Monday, December 28, 2015

Hewlett-Packard (HP) and Sedgwick Lose in the 6th Circuit

A notable ERISA Long Term Disability case decided just a few weeks ago is that of Godmar v. Hewlett-Packard Co., 2015 U.S. App. LEXIS 214672015 FED App. 0801N (6th Cir.)  This decision is notable because it provides some interesting commentaries regarding credibility determinations in long term disability cases and it also comments on the role of doctors hired by plan administrators to conduct paper reviews.
In Godmar, the plan administrator claimed that the plaintiff was not credible because his claims were subjective and could not be corroborated with objective tests.  As we all know, this is  standard language used by many disability insurance companies in their denial letters.  Fortunately, the Sixth District Court of Appeals found that making “credibility findings concerning [the claimant’s] pain without the benefit of a physical exam” would “support the finding that [the administrator’s] determination was arbitrary.”  In other words, the Court of Appeals found that the plan administrator determination could not make a credibility determination regarding the plaintiff's condition without conducting an actual physical exam.  The Court noted that although there is nothing inherently wrong with a paper review of a claim file, it is "particularly troubling" when the plan administrator makes "critical credibility determinations".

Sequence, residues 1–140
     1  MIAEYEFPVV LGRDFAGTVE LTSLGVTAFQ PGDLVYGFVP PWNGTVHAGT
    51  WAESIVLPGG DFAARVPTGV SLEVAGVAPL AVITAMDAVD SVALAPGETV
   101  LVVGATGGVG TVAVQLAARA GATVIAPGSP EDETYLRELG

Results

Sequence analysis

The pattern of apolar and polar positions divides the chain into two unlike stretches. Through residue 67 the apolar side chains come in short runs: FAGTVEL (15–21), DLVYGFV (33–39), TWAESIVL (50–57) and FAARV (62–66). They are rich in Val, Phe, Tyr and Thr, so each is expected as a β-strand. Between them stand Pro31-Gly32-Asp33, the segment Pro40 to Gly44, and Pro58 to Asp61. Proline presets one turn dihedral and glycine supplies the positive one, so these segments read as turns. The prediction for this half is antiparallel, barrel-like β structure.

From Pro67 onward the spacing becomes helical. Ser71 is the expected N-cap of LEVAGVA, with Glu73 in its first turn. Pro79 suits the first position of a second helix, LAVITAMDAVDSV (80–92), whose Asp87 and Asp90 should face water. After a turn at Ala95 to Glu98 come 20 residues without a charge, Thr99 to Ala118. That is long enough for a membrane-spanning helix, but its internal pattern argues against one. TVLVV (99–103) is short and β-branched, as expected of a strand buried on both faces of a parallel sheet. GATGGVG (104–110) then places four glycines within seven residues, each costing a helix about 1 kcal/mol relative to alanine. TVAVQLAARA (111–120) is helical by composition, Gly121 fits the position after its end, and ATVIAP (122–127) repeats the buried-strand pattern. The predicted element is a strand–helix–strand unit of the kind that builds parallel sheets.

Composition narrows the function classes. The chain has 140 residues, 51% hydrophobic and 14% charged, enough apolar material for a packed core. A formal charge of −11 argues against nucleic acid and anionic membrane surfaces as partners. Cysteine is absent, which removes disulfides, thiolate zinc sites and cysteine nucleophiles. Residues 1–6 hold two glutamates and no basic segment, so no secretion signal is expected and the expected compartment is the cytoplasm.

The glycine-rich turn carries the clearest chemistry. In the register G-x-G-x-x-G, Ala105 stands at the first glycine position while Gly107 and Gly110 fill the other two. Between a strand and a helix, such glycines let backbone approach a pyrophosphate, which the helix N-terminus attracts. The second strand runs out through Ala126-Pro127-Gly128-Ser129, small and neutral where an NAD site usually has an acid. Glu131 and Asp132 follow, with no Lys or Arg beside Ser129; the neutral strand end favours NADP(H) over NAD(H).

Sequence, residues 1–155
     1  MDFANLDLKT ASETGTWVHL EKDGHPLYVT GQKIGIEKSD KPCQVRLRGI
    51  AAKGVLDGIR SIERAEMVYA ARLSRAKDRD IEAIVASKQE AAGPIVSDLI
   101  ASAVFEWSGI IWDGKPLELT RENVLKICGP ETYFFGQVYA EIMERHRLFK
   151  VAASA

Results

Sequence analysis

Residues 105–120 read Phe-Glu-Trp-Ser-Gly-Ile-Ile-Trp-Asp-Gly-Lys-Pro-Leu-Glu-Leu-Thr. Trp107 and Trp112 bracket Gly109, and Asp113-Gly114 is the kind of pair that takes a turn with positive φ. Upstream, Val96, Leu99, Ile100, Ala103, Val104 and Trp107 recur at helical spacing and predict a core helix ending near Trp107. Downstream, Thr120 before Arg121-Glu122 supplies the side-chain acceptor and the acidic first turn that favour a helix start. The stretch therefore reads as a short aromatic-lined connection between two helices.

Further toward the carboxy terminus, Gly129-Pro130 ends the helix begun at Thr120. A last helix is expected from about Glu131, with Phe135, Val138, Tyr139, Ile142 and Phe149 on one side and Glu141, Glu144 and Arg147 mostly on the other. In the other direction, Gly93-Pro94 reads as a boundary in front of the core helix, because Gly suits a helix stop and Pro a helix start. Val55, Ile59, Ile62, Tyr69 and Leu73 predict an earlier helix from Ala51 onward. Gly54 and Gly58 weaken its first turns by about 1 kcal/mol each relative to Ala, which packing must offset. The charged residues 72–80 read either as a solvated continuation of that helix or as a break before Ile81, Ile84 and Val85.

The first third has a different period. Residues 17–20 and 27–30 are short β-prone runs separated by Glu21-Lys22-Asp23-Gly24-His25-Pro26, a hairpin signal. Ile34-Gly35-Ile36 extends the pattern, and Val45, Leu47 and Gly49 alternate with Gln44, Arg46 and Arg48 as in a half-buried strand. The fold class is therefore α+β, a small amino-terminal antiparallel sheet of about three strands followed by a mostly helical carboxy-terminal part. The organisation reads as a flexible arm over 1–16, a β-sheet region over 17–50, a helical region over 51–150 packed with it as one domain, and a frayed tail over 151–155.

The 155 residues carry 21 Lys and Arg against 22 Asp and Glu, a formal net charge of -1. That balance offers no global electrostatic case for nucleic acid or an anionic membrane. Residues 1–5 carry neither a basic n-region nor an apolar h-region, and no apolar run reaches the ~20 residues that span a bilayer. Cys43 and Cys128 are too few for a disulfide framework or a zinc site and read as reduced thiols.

The case is also notable because it "picked apart" the opinions of consulting physicians who offered conclusive statements without any specific discussions of the basis for their opinions.  This is a common practice by doctor's hired by insurance companies and plan administrators.  The 6th Circuit stated:
Sedgwick's decision-making process is difficult to parse. Its final denial letter offered little analysis of Godmar's medical records. Most of the letter is a rote recitation of the records Sedgwick received and the steps taken by its consulting physicians. The letter then provides a  brief summary of the medical documentation—including "chronic nerve pain," "ongoing pain management," and "opioid dependence with substantial limitations"—and offers a conclusory assertion that this evidence is insufficient to support disability benefits.
This case is a great victory for long term disability claimant's and their lawyers because it does not not allow plan administrators and insurance companies to shield themselves with a blanket "abuse of discretion" defense.  Instead, it forces those who deny ERISA long term disability claims to explain the actual basis for their determinations.